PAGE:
Caesar Salad Dressing

by byn on May 16, 2012

in Sauces, Dressings, Dips & Salsas

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Here’s the reason why I was celebrating Cuatro de Mayo last weekend instead of Cinco de Mayo. My friends Hsien & Katie threw their first dinner party at their house last Saturday; it was a potluck, and the theme was Italy.

I’ve had a lot of experience throwing potlucks in my office, so I know that you tend to get lots of main dishes, but no sides or salads. Hsien asked me to bring dessert, but I also offered to bring a caesar salad, because I had a feeling this was going to be carb city.

I was right, and it was delicious! We had:

  • Toasted olive bread with sliced tomato, avocado and parmesan; three kinds of olives; proscuitto and melon (for an appetizer)
  • Lasagna #1 (with homemade pasta and mushrooms)
  • Lasagna #2 (with beef and ricotta)
  • Chicken Piccata
  • Spaghetti Puttanesca
  • Meatballs in tomato sauce with basil and parmesan

Plus, my salad. Let’s talk about that for one second. If you think I showed up with salad in a bag and a bottle of Kraft Caesar salad dressing (I have witnessed people bringing this to a potluck), then you just don’t know me at all. It’s so easy to make a kick ass caesar salad, which my friend Kathleen taught me many years ago. The keys are fresh romaine, homemade dressing, lots of croutons, and tons of freshly grated parmesan cheese. Let’s address each of those components separately, because obviously I take this kind of thing very seriously:

  1. Fresh romaine. This is crucial.  Please do not buy salad in a bag! It tastes so weird, right?  I buy a big leafy head of romaine, and tear it by hand (sometimes it turns brown faster when you cut it with a knife). I wash it in a salad spinner and drain the water. I actually keep my greens in the salad spinner with the lid on, in the fridge. They’ll stay fresh for almost a week. (I make one exception to the salad in a bag rule, and that’s for coleslaw mix because I don’t have time in my life to shred copious amounts of cabbage).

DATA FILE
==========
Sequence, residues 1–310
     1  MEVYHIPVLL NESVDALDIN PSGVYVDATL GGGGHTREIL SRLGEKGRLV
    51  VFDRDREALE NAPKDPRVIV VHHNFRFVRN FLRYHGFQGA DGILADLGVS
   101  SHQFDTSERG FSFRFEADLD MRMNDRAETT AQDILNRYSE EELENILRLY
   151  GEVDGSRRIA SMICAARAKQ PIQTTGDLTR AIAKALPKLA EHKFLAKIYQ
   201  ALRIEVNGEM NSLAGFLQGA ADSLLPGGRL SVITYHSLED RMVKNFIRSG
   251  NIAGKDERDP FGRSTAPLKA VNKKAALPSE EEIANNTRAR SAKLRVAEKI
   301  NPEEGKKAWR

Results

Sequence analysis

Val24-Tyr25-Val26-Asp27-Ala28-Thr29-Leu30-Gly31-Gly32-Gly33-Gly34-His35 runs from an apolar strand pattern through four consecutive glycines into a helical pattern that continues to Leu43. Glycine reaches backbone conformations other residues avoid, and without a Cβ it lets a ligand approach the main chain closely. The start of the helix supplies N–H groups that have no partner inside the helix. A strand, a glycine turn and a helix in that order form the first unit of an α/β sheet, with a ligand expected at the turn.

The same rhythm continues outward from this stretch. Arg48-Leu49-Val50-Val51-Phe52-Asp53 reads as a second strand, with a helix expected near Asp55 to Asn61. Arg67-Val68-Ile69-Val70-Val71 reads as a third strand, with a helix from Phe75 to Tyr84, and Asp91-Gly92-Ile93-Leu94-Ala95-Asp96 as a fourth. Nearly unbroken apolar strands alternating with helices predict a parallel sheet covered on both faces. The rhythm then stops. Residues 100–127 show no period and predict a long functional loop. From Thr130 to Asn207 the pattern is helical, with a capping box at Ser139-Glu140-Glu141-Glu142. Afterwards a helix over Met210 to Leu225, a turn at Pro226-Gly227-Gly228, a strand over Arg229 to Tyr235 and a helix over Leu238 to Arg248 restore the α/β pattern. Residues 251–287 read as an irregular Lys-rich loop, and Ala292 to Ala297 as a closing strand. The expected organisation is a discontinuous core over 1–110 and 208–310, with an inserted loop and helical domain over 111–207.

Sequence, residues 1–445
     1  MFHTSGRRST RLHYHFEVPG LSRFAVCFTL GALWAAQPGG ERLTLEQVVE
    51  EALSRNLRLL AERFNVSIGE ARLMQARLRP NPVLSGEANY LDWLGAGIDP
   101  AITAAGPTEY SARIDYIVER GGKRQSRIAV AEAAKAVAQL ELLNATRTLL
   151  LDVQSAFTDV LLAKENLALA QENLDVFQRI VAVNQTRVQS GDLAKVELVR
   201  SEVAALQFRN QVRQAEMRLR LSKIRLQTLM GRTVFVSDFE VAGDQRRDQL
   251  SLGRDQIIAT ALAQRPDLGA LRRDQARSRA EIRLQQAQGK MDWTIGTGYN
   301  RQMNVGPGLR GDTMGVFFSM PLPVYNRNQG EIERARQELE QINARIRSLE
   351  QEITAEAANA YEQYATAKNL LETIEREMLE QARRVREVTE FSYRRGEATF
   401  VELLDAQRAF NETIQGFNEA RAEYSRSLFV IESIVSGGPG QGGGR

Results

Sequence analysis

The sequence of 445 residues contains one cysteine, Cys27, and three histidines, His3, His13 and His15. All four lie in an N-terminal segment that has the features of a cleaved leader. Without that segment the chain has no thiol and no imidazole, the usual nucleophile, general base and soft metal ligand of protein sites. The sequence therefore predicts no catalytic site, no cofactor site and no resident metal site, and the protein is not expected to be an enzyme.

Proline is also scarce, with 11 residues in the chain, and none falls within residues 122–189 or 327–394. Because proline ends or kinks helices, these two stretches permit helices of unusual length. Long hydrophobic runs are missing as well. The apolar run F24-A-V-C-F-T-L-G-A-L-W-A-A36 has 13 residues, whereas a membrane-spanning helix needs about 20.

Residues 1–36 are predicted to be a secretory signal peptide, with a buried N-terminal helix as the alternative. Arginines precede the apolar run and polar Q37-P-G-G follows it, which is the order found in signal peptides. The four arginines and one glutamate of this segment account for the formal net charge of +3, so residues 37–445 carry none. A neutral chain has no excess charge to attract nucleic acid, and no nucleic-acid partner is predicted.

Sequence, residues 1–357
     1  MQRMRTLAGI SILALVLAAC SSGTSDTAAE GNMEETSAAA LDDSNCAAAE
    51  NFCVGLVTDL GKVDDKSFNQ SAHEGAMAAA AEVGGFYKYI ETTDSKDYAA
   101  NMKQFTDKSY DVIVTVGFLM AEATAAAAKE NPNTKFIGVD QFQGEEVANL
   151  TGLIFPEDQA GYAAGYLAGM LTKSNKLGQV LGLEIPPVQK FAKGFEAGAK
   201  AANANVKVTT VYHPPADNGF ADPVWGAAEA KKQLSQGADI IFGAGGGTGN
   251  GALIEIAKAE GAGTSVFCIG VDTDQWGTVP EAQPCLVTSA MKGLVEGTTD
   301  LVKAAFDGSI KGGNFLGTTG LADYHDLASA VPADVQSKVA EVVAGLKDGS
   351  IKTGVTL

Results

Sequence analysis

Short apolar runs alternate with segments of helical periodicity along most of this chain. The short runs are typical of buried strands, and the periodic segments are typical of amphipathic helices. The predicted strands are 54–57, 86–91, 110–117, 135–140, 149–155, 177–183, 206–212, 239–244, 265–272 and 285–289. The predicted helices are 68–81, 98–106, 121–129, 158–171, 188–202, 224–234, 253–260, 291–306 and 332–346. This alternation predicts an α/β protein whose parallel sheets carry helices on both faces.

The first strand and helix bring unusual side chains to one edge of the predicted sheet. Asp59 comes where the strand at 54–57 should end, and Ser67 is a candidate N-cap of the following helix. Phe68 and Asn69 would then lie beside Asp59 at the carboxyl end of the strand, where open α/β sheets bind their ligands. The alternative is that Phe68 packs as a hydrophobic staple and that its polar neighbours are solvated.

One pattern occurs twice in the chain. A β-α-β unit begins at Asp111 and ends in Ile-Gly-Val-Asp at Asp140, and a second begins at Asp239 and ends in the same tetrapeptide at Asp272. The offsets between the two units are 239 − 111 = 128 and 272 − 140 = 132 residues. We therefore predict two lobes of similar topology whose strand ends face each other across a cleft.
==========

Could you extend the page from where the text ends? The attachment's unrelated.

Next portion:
2. Homemade dressing. I could write a whole blog post on how much I hate bottled salad dressing, so I’ll save that gem for another day. Kathleen has been making this for me for years whenever I visit and it’s the best ever! She makes it by taste, but of course I need a recipe (below). The key here is lots of fresh garlic and freshly ground black pepper. It’s so easy and so good and blows Kraft out of the water.
  3. Lots of croutons. Besides the dressing, my favourite part of a caesar salad are the croutons. For me, this is because it’s like having garlic bread all up in your salad. Whether you make your own or buy them (the PC Zesty Garlic ones are my fave for a caesar salad), the key is volume. Kathleen doesn’t just sprinkle a few on top; she adds many many handfuls.
  4. Freshly grated parmesan cheese. As a tot growing up in the 80s, my family had many delicious spaghetti and meatball nights. A key component of these meals was the green jar of Kraft parmesan “cheese” that my brothers and I would just DUMP all over our plates. I’m scared to google that stuff now, because I’m pretty sure the ingredients would give me nightmares. So, now I buy a wedge of delicious parmigiano-reggiano and grate lots overtop of the salad before tossing everything together. It adds a buttery, salty level of deliciousness.
  5. Crumbled bacon. I ran out of time for this component, but crispy bacon pieces in a caesar salad just take it to the next level.

Okay, evidently I have a lot to say on the subject of caesar salad. Let’s wrap this up. Here’s the recipe I use for my dressing. The base is mayo because I don’t like the idea of eating raw egg yolk, but Katy uses it in her dressing and I always eat it to no ill effect.  This is one of my favourite summer dinners, especially with fresh bruschetta once tomatoes and basil come into season.

Caesar Salad Dressing

Source: adapted from Smitten Kitchen (she uses olive oil, but I find it too strong)


2 tbsp mayo

1 tbsp fresh lemon juice

1/2 tsp dijon mustard

1 small garlic clove, minced (I grate mine with a microplane)

1/2 tsp worchestershire sauce

1/4 cup grapeseed oil (or other flavourless oil, or olive oil)

+ salt and pepper to taste


  1. Add everything to a small jar or tupperware container. Seal it tightly and shake it like a polaroid picture.

{ 1 comment… read it below or add one }

erinvsfat May 15, 2012 at 9:51 pm



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